Why are some people so good at “seeing” things and how did they get good? In my opinion, “experience” is really just the development of a personal set of cognitive heuristics for dealing with what’s in front of you. In basic terms, you develop a sense of “I’ve seen this before and I have a pretty good idea of how it goes…”
This idea off pattern recognition, evolution, ecosystems and systems thinking has always fascinated me. Back when I was still in school, I can remember the effect the reading Peter Senge’s The Fifth Discipline and James Moore’s The Death of Competition had on my thinking about business and relationships: the interconnectedness of it all. Some of their thinking is dated and gets a little abstract, but the core ideas, that there are a limited number of truly distinct patterns of interaction out there is a useful one.
This was brought to mind this week as I’m reading Your Inner Fish by Neil Shubin (on my favorite new toy – Amazon Kindle DX!). He is a paleontologist describing the evolution of human physiology. Great book, but the relevant point that sparked this post was a series of quotes he made regarding his learning process as a field worker locating and identifying potential fossils.
He starts by describing his essential blindness compared to experienced colleagues. The following are a few quotes that lay out his progression in awareness and thinking:
“Finally, one day, I saw my first piece of tooth glistening in the desert sun. It was sitting in some sandstone rubble, but there it was, plain as day. The enamel had a sheen that no other rock had; it was like nothing I had ever seen before. Well, not exactly – I was looking at things like it every day. The difference was this time I finally saw it, saw the distinction between rock & bone. … All of a sudden, the desert floor exploded with bone…as if I were wearing a special new pair of glasses and a spotlight was shining on all the different pieces of bone.”
“ Over time, I began to learn the visual cues for other kinds of bones: long bones, jaw bones and skull parts. Once you see these things, you never lose the ability to find them.”
“Twenty years later, I know that I must go through a similar experience every time I look for fossils someplace new…I’ll struggle for the first few days…The difference is that now I have some confidence that a search image will kick in.”
“One of the joys of science is that, on occasion, we see a pattern that reveals the order in what initially seems chaotic. A jumble becomes part of a simple plan, and you feel you are seeing right through something to find its essence.”
This lays out beautifully the progression you see in people’s lives and careers, IF they are paying attention.
The point is that as you get “better” (more observant, more experienced, etc.) you are developing mental heuristics. Your mind is being trained to think in new ways and short cut many steps based on experience, building new pathways in the brain. Malcolm Gladwell coins this “thin-slicing” in Blink.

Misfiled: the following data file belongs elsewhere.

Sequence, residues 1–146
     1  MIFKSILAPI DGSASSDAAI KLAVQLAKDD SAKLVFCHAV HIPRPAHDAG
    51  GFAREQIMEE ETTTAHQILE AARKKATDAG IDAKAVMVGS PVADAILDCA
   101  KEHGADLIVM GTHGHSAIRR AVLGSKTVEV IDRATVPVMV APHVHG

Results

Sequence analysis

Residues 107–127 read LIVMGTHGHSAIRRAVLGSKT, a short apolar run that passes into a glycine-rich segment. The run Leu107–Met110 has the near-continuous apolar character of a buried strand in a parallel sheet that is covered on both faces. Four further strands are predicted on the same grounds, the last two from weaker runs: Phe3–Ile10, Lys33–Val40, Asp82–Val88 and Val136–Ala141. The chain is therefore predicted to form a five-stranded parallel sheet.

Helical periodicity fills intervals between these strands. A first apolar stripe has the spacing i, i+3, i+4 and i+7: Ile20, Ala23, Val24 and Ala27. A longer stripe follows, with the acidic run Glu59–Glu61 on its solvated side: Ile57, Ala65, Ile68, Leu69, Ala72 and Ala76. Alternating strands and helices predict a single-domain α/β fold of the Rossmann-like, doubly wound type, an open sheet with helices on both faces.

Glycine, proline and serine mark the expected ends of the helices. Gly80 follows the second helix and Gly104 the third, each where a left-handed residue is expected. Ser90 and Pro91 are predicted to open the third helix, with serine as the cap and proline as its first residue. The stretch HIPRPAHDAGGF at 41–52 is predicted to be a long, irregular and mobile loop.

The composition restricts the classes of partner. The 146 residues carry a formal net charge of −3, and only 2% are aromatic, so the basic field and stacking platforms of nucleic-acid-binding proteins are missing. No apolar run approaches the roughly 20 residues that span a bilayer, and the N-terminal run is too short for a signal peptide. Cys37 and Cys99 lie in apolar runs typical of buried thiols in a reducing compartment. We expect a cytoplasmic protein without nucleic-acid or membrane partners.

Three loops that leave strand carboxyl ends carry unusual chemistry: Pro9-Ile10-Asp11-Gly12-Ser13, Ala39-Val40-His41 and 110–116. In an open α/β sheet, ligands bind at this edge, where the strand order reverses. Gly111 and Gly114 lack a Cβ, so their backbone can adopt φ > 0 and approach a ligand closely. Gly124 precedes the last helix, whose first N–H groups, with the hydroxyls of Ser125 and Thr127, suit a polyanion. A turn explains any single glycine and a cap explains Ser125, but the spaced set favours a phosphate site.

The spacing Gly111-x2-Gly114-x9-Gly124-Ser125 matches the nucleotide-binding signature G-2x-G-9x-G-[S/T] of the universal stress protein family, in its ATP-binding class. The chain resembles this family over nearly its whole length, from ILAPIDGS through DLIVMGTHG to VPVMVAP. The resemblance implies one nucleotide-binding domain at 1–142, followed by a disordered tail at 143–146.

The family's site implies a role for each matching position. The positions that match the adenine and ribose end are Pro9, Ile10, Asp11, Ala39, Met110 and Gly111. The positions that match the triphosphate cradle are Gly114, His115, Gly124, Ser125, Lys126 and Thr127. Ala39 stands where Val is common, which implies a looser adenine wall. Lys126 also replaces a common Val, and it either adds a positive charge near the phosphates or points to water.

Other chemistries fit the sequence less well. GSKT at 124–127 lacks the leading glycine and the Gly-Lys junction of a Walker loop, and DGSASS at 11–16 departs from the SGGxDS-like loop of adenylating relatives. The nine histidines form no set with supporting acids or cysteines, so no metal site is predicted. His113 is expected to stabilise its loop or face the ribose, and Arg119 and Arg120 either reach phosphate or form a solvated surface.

I see two ways you need to develop and apply this pattern recognition concept. The first is simply getting better at it within a domain. This is essentially what everything above is really about. Develop deep knowledge and you can then get very good at a subset of things.
The second is to me what separates really excellent and creative thinkers and problem solvers from those who aren’t. Can you abstract and generalize patterns and apply them to new venues? Are you good at analogy?
Most problems are not new and many apparently unrelated problems are very often quite similar. This is what Senge gets at in the Fifth Discipline. There are a limited number of system archetypes and components that describe most systems, whether they be human, animal or natural.
Effective general managers and consultants need both abilities. I have seen people promoted too quickly without broad experience struggle in that they are “learning on the job” at too high a level. Understanding all the moving parts of a $20MM business is easier to learn, but is much more like running a $1BB business than is going from running a $1BB function in a company to running a similar size/budget business. The business owner has more complex networks they are navigating.
Having said that, you will never have all the experience you need. So how do you manage learning curves? Well, being good at analogy and applying prior learning in other areas to a new problem is very effective. If you can’t you’ll struggle…a lot. (Curiosity, drive etc. all help a lot too!)
In my coursework, I try to teach people generic skills around problem solving that are broadly applicable so they can be flexible in their thinking as we all have different cognitive styles. In part, this is to force people to apply themselves to answering questions themselves. If I tell you something you may or may not remember it, but even if you do you aren’t likely to understand it. If you go figure it out on your own, however, you’re likely to “never lose the ability to see” what you’ve learned as Shubin points out.
So, what’s the “so what?”
1) Developing experience and expertise is about developing a sense of pattern recognition. This allows you to “see” things more clearly and with less work over time.
2) You have to struggle through the hard work of developing this ability. It comes from doing. A guide can tell you what to look for and mentor you along the way, but the insight has to be yours or you won’t really own it.
3) Being able to extend your insights into analogous environments is very powerful. Particularly if you want to be a general manager.